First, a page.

Come Together

It's a menswear revolution, courtesy of THECAST. By Erin Wylie
thecast_portinstoryRyan Turner and Chuck Guarino, the masterminds behind slick men's label THECAST, care little for the tradition of paying dues.
They moved from California to the Lower East Side with only a few hundred bucks to their name and quickly integrated themselves into the LES's fashion landscape. Two years later, in 2004, they launched an artfully distressed, hand-printed T-shirt line called THECAST. And less than three years after that—with no formal training—the pair have graduated to full-blown haberdashery. To rub it in, these fashion autodidacts' first collection of finely tailored pants (a little too finely in the case of some rock 'n' roll crotch grabbers), badass jackets, and smart vests sold out in stores in New York, L.A., and Japan shortly after they arrived.
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The way they adeptly cross-reference rock idols like Hendrix and Iggy Pop with hip-hop and the wild wild West, proves they can go out on a fashion limb—with purpose. Deftly cut waistcoats that would be at home in a late 19th-century saloon reveal a devotion to fit and fine-tuning. Cocky? Confident? Whatever it is, it's oddly refreshing to hear a designer boast about the fit of his wares. We recently chatted with Ryan Turner about the evolution of THECAST, how it could only have happened in New York, and how leather pants really can make a man weep.
Where did the name come from?
It means nothing, it just sounds cool.
How many seasons have you been designing?
Spring/summer '08 is our third collection. It's the first we've designed from head-to-toe, and the first time we're offering denim.
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When did you know you wanted to work in fashion? Was it synonymous with moving to NYC?
More or less. I worked at Tokion for three years prior to doing THECAST. And THECAST would have never happened without living in NYC.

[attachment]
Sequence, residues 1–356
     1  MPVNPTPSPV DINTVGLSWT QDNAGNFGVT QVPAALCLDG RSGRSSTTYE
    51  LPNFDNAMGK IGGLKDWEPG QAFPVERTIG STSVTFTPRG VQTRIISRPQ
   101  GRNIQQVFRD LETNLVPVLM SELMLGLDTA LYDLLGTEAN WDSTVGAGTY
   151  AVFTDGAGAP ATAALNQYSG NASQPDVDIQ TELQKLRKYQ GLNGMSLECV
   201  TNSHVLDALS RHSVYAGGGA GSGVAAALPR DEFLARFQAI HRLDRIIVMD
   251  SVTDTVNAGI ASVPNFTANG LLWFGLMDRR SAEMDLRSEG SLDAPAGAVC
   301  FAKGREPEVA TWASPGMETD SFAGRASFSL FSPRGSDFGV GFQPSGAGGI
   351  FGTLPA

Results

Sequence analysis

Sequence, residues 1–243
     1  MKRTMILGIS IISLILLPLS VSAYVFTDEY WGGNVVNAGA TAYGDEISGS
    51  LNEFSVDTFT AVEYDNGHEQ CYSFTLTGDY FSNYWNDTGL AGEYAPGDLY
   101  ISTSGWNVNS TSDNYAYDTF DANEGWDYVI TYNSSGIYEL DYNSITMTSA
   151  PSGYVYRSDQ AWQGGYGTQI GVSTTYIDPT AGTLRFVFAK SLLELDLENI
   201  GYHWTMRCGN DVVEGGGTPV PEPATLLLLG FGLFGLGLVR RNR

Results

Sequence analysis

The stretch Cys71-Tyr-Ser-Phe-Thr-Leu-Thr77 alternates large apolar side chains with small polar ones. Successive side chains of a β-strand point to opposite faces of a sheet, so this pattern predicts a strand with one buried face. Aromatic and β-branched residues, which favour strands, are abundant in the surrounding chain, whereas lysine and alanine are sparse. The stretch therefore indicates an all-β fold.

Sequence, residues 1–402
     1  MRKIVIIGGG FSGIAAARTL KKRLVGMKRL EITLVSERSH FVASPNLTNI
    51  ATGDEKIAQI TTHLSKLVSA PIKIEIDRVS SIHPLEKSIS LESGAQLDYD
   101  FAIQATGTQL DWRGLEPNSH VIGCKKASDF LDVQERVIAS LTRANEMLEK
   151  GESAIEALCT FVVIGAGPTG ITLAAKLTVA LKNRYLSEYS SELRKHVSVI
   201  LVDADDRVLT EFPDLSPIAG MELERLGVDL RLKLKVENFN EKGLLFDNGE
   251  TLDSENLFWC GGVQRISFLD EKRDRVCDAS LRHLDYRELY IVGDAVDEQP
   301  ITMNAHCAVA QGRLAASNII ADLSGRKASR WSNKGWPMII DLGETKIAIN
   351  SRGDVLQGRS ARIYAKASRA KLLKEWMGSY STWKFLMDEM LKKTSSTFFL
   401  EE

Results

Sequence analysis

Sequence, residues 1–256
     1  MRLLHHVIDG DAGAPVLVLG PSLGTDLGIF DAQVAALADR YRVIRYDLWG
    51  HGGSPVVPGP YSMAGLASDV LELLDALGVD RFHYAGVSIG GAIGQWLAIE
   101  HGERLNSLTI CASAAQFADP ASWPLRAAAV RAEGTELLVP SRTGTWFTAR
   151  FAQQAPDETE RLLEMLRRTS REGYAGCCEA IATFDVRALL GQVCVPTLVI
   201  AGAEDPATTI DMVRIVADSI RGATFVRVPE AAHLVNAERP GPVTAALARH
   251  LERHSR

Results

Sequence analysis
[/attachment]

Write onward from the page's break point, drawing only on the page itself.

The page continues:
What is it about the L.E.S that attracts you? Do you think it's lost its luster?
I think this question is for old timers. I've been here six years, and yeah it's changed, but I'm not really in a position to glorify the days of dope and destruction on the Lower East Side. I like living here, have met the most interesting people of my life here, and credit the city and all it is for giving us reason to do what we do.
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Was the learning curve steep when you crossed over to full-fledged menswear?
We made many mistakes. As for how we coped, who knows? We were too fucking stupid and inexperienced to know when it was time to quit. We just kept going until it was right. We have zero background in fashion other than hanging out down in these parts.
The move from tees to finely tailored menswear mimics a larger trend out there. What do you think is in the air that is making dudes want to look sharp again?
Tees only work for certain occasions, in the rare occurrence of being able to afford a nice dinner we found we had nothing to wear, so it became an obvious fascination. That's probably the case for most dudes…
What was the inspiration behind the current fall collection?
We used to depend on highly developed concepts as a sort of structural background. Now we just focus on keeping things as cool as can be. As for the latter, we have a black lamb leather jacket with zip-off sleeves, the front yoke, back yoke, and sides are fishnet top-stitched—I'm really into this one. We have a pair of leather pants that'll make a grown man cry with black top-stitching also on the front and back yoke. They're the best leather pants ever made and I'm not afraid to say it out loud. Shit hot.
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You're influenced by music, what's on your playlist now?
Vietnam and The Parlor Mob.
Real men wear shiny, skinny pants—as proven by Iggy Pop and your fall collection—do real men wear pink?
I don't think so.
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For more information and availability, go to www.thecast.com.
Portrait by David Black
It's a menswear revolution, courtesy of THECAST.
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